Note 1(m) to Section XI, HTSUSA, states that this section does not cover "[p]roducts or articles of chapter 48...." Neither Chapter 48, nor Section X, HTSUSA, contains a similar provision excluding products or articles of Section XI. Therefore, as the instant merchandise is a product of Chapter 48, the merchandise must be excluded from Section XI, and remains classifiable in Chapter 48, HTSUSA.

While Type I satisfies the technical requirements for kraftliner in heading 4804, the Explanatory Note to this heading excludes paper or paperboard "otherwise processed." As reinforc- ing is not among the enumerated allowed processes, classification as kraftliner is impossible. Since reinforced kraft paper is not otherwise provided for in Chapter 48, HTSUSA, Type I must be considered "other paper" of heading 4823.

Type II Lumberwrap

The description of Type II Lumberwrap falls within the definition of coated paper for purposes of Chapter 48, HTSUSA. While the pre-coat of polyethylene would be considered merely a binder (see above for reasoning behind binder versus coating decision), the top coat of plastics, comprising less than 50 percent the total width of the product, is considered a coating. Ergo, Type II is classifiable under heading 4811, HTSUSA.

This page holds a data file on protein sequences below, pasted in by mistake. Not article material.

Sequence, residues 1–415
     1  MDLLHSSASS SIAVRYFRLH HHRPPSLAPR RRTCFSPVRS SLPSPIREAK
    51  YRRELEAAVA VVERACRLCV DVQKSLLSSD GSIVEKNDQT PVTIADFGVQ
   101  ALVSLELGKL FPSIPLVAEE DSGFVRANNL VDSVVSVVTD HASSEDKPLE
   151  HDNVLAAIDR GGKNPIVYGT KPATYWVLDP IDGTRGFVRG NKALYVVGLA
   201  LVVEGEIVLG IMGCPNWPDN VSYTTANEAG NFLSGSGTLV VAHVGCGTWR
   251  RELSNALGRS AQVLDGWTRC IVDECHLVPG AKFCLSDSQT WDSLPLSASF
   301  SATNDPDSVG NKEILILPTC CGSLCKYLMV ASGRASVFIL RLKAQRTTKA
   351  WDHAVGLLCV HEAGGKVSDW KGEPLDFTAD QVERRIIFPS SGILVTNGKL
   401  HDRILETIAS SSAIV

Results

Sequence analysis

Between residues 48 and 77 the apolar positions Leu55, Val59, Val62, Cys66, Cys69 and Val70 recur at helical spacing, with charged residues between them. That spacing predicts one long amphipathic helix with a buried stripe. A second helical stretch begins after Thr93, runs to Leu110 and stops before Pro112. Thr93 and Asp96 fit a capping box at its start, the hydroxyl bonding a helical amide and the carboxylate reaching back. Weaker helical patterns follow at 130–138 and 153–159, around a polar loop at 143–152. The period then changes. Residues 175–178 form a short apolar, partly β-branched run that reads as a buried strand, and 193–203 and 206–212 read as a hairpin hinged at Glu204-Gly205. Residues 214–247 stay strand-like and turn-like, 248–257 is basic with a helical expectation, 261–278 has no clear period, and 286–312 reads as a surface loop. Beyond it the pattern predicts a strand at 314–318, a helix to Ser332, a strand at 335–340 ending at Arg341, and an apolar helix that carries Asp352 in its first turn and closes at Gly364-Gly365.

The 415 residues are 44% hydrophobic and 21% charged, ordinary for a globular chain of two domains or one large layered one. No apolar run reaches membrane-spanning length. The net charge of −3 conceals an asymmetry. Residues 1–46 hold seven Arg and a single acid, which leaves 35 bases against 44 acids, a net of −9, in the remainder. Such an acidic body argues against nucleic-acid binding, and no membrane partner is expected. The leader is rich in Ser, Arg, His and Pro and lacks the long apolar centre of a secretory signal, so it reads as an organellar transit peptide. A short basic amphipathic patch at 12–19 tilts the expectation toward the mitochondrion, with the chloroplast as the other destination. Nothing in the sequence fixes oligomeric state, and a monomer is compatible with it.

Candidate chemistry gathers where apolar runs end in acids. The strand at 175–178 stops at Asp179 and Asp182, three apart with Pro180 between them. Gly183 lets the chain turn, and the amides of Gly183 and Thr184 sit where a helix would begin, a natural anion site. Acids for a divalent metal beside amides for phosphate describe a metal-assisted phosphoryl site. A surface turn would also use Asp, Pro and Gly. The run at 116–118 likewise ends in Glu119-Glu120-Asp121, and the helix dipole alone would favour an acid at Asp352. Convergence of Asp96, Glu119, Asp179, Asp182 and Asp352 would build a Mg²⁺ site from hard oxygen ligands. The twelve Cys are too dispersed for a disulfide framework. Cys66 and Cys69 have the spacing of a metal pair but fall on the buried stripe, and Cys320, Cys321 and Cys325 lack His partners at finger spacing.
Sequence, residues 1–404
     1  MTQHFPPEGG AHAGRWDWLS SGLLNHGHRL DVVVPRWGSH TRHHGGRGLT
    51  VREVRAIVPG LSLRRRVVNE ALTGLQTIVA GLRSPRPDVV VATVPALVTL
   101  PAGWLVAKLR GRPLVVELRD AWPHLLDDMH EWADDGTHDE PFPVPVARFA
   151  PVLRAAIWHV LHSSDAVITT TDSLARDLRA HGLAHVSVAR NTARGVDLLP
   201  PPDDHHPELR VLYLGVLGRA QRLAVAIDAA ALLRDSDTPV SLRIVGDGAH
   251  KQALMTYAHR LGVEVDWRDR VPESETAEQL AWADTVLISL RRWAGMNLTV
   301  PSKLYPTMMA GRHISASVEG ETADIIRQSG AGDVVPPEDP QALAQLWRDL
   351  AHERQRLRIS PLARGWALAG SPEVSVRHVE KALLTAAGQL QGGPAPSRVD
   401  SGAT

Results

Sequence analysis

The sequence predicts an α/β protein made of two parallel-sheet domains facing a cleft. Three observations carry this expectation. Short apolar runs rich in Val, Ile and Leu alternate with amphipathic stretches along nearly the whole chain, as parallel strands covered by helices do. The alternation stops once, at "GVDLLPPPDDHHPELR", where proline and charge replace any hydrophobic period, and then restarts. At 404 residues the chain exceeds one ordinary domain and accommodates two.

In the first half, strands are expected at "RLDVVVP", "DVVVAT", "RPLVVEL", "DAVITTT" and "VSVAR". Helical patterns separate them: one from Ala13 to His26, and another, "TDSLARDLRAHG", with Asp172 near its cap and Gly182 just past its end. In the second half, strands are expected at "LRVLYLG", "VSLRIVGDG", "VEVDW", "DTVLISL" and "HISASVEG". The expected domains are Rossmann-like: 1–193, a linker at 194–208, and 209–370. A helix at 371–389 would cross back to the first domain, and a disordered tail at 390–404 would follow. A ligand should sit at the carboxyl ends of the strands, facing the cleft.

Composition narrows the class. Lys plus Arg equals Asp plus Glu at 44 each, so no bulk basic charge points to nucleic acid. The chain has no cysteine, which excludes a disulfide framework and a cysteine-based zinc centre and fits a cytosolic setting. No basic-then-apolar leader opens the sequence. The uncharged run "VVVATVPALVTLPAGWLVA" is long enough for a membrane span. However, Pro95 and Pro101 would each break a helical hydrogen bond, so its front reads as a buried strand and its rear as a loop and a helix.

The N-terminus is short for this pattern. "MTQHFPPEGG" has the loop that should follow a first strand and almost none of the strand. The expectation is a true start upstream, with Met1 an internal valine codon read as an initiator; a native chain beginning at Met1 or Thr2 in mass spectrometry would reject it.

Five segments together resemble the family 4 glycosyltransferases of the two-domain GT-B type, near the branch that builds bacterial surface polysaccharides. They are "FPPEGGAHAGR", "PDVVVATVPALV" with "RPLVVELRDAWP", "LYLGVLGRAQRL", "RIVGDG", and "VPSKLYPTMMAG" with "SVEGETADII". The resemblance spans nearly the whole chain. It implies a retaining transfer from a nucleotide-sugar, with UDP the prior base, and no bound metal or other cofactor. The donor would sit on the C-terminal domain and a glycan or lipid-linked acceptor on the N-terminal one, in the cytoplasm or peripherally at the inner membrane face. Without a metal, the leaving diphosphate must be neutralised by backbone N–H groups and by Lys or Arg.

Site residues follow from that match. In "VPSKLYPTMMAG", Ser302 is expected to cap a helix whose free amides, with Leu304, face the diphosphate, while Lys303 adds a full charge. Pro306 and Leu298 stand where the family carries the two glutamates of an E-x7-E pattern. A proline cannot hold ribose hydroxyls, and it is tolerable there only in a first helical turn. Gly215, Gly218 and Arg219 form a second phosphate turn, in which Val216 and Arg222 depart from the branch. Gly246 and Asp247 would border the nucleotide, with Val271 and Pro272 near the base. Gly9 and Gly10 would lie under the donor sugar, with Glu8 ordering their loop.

As a result of the foregoing, the merchandise at issue is classifiable as follows: TYPE I LUMBERWRAP -- subheading 4823.90.8500, HTSUSA, as other paper, paperboard, cellulose wadding and webs of cellulose fibers, cut to size or shape; other articles of paper pulp, paper, paperboard, cellulose wadding or webs of cellulose fibers, other, other, other, other, other. Articles which meet the definition of "goods originating in the territory of Canada" (see General Note 3(c)(ii)(B), HTSUSA) are subject to reduced rates of duty under the United States-Canada Free Trade Agreement Implementation Act of 1988. If the merchandise constitutes "goods originating in the territory of Canada," the applicable rate of duty is 4.2 percent ad valorem; otherwise, the general rate of 5.3 percent ad valorem applies.

TYPE II LUMBERWRAP -- subheading 4811.39.4040, HTSUSA, as paper, paperboard, cellulose wadding and webs of cellulose fibers, coated, impregnated, covered, surface-colored, surface decorated or printed, in rolls or sheets, other than goods of heading 4803, 4809, 4810 or 4818, paper and paperboard, coated, impregnated or covered with plastics (excluding adhesives), other, other, other. The applicable rate of duty is Free.

Pursuant to section 177.9, Customs Regulations (19 CFR 177.9), the ruling letter of April 19, 1989, is modified in conformity with the foregoing.


John Durant, Director
Commercial Rulings Division